The patient tested positive for the severe disease that can be fatal.
A patient at a New Jersey nursing home recently tested positive for Legionnaires’ disease — a severe and potentially deadly form of pneumonia — prompting an inspection of the facility’s water system, officials said.
The patient, who was treated and has since recovered, is a resident of the Morris View Healthcare Center, in Morris Township, according to a statement from county spokesman Larry Ragonese.
The patient, whose identity was not released, tested positive roughly two weeks ago, Ragonese said.
Test results of the facility’s water supply revealed the presence of legionella in some of the plumbing, the statement said.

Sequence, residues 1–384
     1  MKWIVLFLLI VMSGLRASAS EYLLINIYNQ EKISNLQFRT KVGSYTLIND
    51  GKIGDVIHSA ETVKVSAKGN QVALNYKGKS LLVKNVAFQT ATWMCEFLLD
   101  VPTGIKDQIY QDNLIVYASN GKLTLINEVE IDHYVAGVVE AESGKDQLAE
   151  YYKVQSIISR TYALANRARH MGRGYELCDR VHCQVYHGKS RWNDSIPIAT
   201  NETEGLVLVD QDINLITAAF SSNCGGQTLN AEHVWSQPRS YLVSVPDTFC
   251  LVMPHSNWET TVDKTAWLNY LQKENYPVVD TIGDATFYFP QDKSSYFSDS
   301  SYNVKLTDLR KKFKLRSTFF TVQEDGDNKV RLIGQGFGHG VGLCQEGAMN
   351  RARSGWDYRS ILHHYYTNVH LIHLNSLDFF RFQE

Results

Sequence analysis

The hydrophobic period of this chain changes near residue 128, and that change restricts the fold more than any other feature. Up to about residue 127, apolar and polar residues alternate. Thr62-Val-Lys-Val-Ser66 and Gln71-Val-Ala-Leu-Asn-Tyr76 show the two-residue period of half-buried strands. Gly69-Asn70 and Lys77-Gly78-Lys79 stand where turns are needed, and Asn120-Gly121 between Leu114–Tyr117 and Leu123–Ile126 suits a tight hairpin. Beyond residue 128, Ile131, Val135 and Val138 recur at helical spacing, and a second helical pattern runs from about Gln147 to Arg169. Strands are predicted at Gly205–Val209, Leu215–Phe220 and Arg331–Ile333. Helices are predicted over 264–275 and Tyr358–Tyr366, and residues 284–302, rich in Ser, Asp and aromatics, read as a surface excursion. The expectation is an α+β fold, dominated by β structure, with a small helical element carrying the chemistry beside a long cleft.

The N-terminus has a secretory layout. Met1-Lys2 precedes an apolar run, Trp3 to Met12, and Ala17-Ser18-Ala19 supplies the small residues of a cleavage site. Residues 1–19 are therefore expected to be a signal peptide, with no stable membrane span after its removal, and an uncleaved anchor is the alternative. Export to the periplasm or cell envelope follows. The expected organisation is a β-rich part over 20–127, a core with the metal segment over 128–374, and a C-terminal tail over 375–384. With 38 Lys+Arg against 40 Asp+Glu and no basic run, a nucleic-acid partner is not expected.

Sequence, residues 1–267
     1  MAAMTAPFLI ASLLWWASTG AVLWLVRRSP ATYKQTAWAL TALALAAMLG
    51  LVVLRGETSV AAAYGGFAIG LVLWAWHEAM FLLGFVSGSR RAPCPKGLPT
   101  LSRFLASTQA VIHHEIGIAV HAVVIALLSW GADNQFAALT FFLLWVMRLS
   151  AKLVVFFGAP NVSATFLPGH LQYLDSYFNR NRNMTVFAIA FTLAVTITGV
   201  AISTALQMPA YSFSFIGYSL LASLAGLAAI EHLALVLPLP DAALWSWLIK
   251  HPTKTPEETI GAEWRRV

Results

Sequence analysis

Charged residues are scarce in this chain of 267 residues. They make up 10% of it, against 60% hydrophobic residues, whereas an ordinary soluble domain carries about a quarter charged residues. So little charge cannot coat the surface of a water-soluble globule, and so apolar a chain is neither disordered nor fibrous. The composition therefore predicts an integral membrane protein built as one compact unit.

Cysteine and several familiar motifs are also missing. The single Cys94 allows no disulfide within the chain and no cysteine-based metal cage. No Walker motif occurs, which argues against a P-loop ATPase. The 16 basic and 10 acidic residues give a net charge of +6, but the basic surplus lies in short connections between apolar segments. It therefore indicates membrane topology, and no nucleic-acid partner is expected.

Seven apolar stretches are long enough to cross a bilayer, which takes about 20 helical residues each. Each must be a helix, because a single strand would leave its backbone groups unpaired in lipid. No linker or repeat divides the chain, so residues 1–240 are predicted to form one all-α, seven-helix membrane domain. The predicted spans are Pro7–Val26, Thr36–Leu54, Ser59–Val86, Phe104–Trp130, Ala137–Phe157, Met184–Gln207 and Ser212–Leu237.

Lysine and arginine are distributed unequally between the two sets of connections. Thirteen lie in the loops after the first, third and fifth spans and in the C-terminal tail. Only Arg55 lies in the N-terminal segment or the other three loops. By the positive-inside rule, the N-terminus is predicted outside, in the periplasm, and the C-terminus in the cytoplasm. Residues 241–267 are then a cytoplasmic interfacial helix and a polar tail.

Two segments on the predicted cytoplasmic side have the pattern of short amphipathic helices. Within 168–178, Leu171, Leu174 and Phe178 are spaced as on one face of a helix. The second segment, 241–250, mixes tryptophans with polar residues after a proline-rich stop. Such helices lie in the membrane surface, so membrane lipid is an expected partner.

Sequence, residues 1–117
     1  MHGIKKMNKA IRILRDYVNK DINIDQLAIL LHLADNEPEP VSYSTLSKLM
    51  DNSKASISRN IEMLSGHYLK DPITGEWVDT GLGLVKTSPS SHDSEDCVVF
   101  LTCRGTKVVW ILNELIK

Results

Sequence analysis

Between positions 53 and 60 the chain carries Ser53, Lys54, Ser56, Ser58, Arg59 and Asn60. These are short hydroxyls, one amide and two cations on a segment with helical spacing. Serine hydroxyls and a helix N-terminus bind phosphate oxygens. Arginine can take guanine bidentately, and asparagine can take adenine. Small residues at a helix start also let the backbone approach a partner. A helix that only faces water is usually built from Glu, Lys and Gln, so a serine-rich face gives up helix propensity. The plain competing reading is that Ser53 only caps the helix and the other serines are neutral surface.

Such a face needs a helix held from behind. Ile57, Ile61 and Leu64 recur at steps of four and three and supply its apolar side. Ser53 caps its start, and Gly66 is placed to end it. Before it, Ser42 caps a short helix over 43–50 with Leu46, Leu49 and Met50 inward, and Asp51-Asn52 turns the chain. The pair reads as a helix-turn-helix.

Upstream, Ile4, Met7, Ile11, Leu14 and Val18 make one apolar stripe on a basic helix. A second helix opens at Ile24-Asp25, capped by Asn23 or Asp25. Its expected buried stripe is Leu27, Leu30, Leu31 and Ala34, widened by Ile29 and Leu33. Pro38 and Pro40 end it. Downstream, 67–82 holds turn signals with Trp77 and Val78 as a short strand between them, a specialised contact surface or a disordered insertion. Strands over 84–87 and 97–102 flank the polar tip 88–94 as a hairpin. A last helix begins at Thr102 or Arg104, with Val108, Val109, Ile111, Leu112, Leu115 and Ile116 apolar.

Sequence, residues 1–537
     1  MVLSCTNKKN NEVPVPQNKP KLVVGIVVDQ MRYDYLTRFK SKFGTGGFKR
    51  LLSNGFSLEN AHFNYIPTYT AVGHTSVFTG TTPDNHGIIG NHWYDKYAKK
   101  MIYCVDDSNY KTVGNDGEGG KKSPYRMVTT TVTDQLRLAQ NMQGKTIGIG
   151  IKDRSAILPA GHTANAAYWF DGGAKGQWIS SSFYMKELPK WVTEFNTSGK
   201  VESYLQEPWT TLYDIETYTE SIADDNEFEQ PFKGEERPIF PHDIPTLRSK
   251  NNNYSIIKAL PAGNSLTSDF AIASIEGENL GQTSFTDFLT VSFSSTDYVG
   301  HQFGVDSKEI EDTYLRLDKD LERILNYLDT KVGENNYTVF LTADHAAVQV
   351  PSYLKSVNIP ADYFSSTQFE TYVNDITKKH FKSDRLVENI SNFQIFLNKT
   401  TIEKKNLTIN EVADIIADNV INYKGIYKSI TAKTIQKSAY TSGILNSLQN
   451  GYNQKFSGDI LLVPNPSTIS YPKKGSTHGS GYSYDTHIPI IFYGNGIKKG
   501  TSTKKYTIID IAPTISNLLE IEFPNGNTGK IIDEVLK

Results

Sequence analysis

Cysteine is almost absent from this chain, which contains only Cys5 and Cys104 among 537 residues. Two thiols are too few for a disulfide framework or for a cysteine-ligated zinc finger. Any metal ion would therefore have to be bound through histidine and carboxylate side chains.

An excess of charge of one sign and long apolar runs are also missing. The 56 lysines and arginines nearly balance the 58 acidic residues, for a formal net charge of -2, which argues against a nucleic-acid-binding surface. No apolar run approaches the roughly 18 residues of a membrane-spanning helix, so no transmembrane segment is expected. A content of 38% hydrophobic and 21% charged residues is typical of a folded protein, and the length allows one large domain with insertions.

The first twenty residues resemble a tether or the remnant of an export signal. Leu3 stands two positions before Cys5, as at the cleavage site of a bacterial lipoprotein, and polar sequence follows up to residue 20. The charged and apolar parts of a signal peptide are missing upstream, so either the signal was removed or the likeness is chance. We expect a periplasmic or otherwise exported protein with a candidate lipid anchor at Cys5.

Testing is ongoing, Ragonese said, to ensure there is no further presence of the bacteria.
People typically are infected with the disease — which was named in 1976 following an outbreak of pneumonia in attendees at an American Legion convention in Philadelphia — by breathing in small droplets of water or mist that has been contaminated.
All water fountains were disabled, aerators were removed from the sinks, ice machines were sanitized and kitchen modifications were made related to food preparation, the statement said.
There have been no other reports of illness at this time.
The county said there will be plumbing modifications in addition to a complete facility remediation.
Officials also said they will continue to test the facility’s systems. And, any other residents from Morris View that shows symptoms of respiratory distress will be tested for the bacteria, the statement said.
The nursing home did not respond to a request for comment. Family members and residents of the nursing facility have been notified.
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